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A Living Fire

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Mattie had no mourning period for her arm.

 

Her mother, whom Mattie loved constantly and tolerated on most occasions, was prone to fits of wailing as she sewed the sleeves of Mattie’s dresses half-length; but the girl herself took the view that what was done was done, tears or no. She missed the convenience of her hand, of course, but she also missed the presence of her father and the company of the men she had journeyed with once. It was the way of things.

 

Rooster Cogburn never collected the remainder of his fee, and, for a time, Mattie kept the fifty dollars set aside in the third drawer of her and her sister’s dresser, wrapped up in brown paper and knotted string. After her sixteenth birthday, though, with the clarity of her cynicism, she took that money and hired with it three farm hands to keep her father’s land from falling into disrepair, and a young maid for her mother. Mattie certainly did not intend on living in that wooden poke for the remainder of her life; Victoria, very much her mother’s girl, was not taking well to schooling, and Little Frank had grand dreams of law-enforcement or bounty hunting, no doubt a side effect of Mattie’s stories of her adventures. She found his idealism rather immature; for sure she had never left out a sorrowful detail of those lively times. Boys will be, she supposed.

 

Her lawyer wrote to her that she might consider selling Frank Ross’ cotton farm, and Mattie replied that she would not, and her lawyer wrote her a short epistle that noted their correspondence was costing him in paper and ink that would be better served on clients who heeded his advice.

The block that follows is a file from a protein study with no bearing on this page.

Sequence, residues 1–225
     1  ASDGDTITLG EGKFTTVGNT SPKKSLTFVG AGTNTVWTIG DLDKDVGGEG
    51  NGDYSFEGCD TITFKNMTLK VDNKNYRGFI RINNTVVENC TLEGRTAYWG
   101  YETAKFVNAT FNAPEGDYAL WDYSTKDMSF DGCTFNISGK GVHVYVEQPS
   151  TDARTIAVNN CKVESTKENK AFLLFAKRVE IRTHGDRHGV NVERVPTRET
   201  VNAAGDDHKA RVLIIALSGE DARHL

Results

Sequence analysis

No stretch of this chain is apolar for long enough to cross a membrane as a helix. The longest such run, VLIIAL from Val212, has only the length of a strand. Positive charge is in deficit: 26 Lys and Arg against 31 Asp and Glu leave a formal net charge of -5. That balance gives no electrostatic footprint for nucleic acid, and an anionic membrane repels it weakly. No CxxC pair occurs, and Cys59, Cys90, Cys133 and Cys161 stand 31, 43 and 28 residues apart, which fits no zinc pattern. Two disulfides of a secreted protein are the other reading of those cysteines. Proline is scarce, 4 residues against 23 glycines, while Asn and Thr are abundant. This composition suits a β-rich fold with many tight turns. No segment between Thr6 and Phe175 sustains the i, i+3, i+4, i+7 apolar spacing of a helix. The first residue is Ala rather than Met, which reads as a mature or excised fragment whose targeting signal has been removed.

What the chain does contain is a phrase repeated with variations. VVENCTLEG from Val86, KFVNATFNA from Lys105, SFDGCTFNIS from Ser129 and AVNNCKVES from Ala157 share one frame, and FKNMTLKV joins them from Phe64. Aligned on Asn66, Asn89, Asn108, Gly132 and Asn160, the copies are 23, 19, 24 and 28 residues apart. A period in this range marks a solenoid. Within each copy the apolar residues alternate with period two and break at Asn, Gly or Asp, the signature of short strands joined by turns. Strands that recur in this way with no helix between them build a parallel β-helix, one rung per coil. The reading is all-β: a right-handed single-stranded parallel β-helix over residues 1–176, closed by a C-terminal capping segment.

She kept the farm, which turned over small profit, and that she put the spare of her money in mining and the Western Union; and by the time she was eighteen, Mattie had enough fortune to make young men blush. She was a diligent daughter, and set up a monthly allowance for her mother, and went into Dardanelle proper to buy a leather carrying case and a sturdy pair of boots (she had worn the same for four years, and they had been water-and-dust-soaked for plenty of winters by now). Mattie Ross packed her unfancy clothes and a hardback Bible and her father’s pistol, and moved out of that shack of a house entirely without fanfare.

 

(Prior to her windfall, she did not trade the California gold piece stolen from her father and returned to her by Marshall Cogburn. She kept it in a vase on the bedroom mantle of her new home – which was made of timber painted mint-green on the outside, and had a privy indoors – though it was merely a memento and nothing so frivolous as a token of luck that she put to her lips every morning.)